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Original Issue

Joe Thomas


EVEN WITH a full class load in real estate and urban land economics, the No. 3 overall pick seemed to have more free time at Wisconsin than he has now. On an average weekday Thomas leaves home at 6:30 a.m. and returns 12 hours later, physically and mentally spent from four hours of meetings, two hours of practice, and DVD after DVD of opposing right ends and outside linebackers. If you're a preparation freak like Thomas, it's all necessary. "In college, basically you're facing a 4-3 front every week, without a lot of variation," Thomas said last week. "In the NFL, defensive coaches are scheming week to week and doing different stuff than you'd expect. Against Baltimore [in Week 4], you have no idea where their linebackers are going to be on any play. They'll play two defensive linemen and five linebackers—on any play."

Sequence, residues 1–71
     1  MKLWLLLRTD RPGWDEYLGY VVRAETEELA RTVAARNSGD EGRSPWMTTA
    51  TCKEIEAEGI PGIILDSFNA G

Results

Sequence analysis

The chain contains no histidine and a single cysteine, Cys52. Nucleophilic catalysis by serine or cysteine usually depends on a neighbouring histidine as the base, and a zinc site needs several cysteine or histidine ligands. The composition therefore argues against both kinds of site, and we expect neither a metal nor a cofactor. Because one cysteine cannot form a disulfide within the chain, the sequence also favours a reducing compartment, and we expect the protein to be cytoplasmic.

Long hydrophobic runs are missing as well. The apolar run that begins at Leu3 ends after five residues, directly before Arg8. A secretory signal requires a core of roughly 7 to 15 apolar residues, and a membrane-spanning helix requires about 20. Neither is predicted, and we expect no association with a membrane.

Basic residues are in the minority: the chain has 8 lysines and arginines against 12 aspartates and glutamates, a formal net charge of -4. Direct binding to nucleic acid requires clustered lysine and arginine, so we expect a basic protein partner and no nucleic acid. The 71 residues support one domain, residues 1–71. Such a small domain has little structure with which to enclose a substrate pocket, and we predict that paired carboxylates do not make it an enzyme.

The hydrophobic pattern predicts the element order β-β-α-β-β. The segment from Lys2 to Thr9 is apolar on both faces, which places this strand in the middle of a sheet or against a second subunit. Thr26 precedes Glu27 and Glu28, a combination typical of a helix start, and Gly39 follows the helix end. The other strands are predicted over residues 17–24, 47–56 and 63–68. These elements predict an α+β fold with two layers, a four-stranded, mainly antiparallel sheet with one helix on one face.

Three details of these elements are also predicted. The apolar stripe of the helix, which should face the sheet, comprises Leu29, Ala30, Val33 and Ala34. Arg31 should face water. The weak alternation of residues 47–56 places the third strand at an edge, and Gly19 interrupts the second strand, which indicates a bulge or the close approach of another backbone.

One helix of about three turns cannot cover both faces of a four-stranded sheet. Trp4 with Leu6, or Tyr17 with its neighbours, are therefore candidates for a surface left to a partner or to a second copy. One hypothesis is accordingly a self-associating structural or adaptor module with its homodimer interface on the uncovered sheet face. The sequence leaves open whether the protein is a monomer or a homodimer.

The Ravens were an eye-opener for Thomas. They often use an unbalanced line, bunching four linebackers over the right tackle; Thomas would have to move from left tackle to the other side and become a second right tackle. "Baltimore showed me what a chess game between coordinators the NFL is," said Thomas, "and we're the pieces."

The Browns' line has long been its weakest link, but that's changing. Cleveland allowed one sack of new quarterback Derek Anderson in Weeks 2 through 4 before the Patriots got to him three times in their 34--17 win on Sunday. "The best feeling for me was after we beat Baltimore," said Thomas. "Derek said to me, 'Hey, I feel great. I didn't get hit all game.' That's what a left tackle loves to hear."